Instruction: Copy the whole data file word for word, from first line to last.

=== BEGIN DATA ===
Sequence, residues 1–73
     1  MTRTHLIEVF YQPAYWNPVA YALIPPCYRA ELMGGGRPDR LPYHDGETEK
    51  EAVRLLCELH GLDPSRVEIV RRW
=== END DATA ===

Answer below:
Sequence, residues 1–73
     1  MTRTHLIEVF YQPAYWNPVA YALIPPCYRA ELMGGGRPDR LPYHDGETEK
    51  EAVRLLCELH GLDPSRVEIV RRW